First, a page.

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§ 106. Alexander of Hales.


§ 95. Alex. of Hales: Summa universae theologiae, Venice, 1475, Nürnberg, 1482, Basel, 1502, Cologne, 1611, 4 vols.—Wadding: Annal. Min., III.—Stöckl: Phil. des Mittelalters, II. 313–326.—K. Müller: Der Umschwung in der Lehre Soon der Busse, etc., Freib., 1892.—The Doctrinal Histories of Schwane, Harnack, Seeberg, etc., Dict. of Natl. Biogr., I. 272 sq.

The culmination of Scholasticism falls in the thirteenth century. It is no longer as confident in the ability of reason to prove all theological questions as it was in the days of Anselm and Abaelard a hundred years before. The ethical element comes into prominence. A modified realism prevails. The syllogism is elaborated. The question is discussed whether theology is a science or not. The authority of Aristotle becomes, if possible, more binding. All his writings have become available through translations. The teachings of Averrhoes, Avicenna, and other Arabic philosophers are made known. The chief Schoolmen belong to one of the two great mendicant orders. To the Franciscan order belonged Alexander of Hales, Bonaventura, Duns Scotus, Roger Bacon, and Raymundus Lullus. Albertus Magnus and Thomas Aquinas were Dominicans. All these men had to do with the universities.

Alexander of Hales (Halesius or Halensis), called by his pupils the Irrefragable Doctor—doctor irrefragabilis — and the king of theologians—monarcha theologorum — was born at Hales, Gloucestershire, England, and died in Paris, 1245. After reaching the dignity of archdeacon, he went to Paris to prosecute his studies. He entered the order of St. Francis, 1222, and was the first Franciscan to obtain the degree of doctor and to teach in the University of Paris, which he continued to do till 1238.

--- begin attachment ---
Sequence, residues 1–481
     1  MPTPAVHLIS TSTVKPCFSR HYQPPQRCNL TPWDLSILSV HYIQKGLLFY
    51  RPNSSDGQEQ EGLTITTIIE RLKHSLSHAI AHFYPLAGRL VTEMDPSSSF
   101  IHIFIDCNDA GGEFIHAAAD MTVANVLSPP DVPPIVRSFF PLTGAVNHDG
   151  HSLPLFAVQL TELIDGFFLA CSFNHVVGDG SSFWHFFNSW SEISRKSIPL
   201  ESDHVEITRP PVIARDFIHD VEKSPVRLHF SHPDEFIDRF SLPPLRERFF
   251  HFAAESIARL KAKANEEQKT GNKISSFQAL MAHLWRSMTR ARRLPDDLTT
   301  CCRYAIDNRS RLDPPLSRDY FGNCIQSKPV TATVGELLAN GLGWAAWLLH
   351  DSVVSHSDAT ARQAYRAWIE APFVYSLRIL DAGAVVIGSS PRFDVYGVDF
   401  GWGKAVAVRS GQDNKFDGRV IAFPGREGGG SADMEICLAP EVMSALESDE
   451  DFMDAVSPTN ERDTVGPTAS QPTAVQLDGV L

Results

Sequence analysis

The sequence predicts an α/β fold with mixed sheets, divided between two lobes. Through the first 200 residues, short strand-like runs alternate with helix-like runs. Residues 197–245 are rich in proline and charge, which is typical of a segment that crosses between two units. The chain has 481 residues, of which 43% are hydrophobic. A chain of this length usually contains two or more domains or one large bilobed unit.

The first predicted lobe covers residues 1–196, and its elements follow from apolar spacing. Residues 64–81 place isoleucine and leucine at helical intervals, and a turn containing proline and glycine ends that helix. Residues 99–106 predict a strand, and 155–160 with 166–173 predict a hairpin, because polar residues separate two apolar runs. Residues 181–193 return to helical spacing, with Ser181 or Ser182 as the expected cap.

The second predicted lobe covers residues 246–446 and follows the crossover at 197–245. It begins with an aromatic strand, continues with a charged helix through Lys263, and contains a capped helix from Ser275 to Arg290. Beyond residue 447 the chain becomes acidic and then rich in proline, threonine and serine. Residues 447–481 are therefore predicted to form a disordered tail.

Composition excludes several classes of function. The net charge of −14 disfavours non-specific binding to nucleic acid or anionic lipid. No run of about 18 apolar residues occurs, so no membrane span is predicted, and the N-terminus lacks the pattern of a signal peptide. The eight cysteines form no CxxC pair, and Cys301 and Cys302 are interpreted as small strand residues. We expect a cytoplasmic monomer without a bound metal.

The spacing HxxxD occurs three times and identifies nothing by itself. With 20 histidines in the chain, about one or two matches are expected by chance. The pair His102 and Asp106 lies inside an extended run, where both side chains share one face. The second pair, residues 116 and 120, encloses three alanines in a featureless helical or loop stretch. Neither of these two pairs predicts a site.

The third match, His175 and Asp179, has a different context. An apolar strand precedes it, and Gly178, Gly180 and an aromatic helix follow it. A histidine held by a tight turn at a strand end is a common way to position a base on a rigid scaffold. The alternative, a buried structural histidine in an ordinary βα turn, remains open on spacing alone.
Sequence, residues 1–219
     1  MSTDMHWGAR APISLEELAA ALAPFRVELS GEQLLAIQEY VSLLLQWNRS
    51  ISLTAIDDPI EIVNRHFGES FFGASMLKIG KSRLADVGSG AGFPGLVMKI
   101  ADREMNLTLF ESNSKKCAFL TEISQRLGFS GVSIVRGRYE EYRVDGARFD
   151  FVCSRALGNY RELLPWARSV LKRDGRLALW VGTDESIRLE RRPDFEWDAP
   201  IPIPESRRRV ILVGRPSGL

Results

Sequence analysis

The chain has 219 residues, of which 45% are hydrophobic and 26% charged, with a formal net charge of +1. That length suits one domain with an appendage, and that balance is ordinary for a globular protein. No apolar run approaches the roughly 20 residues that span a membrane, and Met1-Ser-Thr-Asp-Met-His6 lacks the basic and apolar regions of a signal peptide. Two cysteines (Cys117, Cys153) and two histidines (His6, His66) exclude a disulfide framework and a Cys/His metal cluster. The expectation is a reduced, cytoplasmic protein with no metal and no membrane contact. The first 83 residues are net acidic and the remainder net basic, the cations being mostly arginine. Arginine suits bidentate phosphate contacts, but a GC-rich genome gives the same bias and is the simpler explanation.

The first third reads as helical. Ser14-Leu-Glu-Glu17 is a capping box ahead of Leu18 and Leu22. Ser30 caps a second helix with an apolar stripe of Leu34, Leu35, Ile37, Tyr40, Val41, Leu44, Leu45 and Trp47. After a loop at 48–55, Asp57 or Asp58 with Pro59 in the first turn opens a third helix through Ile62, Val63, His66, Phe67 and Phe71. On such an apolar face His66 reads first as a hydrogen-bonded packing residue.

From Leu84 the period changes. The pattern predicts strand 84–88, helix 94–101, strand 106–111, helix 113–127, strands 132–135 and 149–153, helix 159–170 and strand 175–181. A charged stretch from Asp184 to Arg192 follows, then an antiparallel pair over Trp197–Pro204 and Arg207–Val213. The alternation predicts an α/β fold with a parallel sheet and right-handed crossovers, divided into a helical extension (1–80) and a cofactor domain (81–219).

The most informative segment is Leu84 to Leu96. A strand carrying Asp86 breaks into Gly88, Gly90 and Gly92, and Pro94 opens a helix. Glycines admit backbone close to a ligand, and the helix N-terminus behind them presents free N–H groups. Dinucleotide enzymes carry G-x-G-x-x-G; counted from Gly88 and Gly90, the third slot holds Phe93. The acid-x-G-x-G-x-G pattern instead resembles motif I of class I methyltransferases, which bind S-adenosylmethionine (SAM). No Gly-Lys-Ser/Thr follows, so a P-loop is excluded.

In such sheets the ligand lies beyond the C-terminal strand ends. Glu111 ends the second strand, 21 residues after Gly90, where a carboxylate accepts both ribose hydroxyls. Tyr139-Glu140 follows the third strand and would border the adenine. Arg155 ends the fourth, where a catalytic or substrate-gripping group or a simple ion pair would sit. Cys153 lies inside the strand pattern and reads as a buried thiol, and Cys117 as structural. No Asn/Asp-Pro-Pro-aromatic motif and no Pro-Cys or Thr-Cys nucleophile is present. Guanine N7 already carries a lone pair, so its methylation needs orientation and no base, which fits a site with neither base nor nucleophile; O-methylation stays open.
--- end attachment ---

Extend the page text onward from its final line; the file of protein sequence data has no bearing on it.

Alexander was the first Schoolman to whom all the writings of Aristotle were accessible. His chief work, the System of Universal Theology, was completed by one of his pupils, 1252.14701470    Roger Bacon contemptuously said of it that it was heavier than a horse in weight. Natl. Dict. of Biogr., I. 273. Other MSS. ascribed to Alexander are found in Oxford, etc. The summa de virtutibus, Paris, 1509, a Com. on the Apocalypse, Paris, 1647, published under his name, are of doubtful authenticity.14711471    Videtur quod sic, et videtur quod non. is, therefore, rather a body of wisdom—sapientia —than a science—scientia; not so much knowledge drawn from study as knowledge drawn from experience.14721472    Cognitio secundum visum, cognitio secundum gustum. which passed into the doctrinal system of the Roman Catholic Church. He declared for the indelible character of baptism and ordination. By elaborate argument he justified the withdrawal of the cup from the laity and stated the new doctrine of penance. He is especially famous for having defined the fund of merit—thesaurus meritorum — the vicious doctrine upon which the practice of distributing and selling indulgences was based. He was one of the first to make the distinction between attritio or imperfect repentance, due to fear, timor servilis, and contritio or perfect repentance based upon higher motives. In all these matters he had a controlling influence over the later Schoolmen.14731473    See Chapter on the Sacramental System.

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